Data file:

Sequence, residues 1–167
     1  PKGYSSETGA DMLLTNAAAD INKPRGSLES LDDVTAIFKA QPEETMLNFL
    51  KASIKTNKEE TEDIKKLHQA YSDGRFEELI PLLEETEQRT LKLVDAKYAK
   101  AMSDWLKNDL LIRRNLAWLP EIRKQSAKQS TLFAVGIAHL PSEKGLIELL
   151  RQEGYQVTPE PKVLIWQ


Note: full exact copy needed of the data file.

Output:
Sequence, residues 1–167
     1  PKGYSSETGA DMLLTNAAAD INKPRGSLES LDDVTAIFKA QPEETMLNFL
    51  KASIKTNKEE TEDIKKLHQA YSDGRFEELI PLLEETEQRT LKLVDAKYAK
   101  AMSDWLKNDL LIRRNLAWLP EIRKQSAKQS TLFAVGIAHL PSEKGLIELL
   151  RQEGYQVTPE PKVLIWQ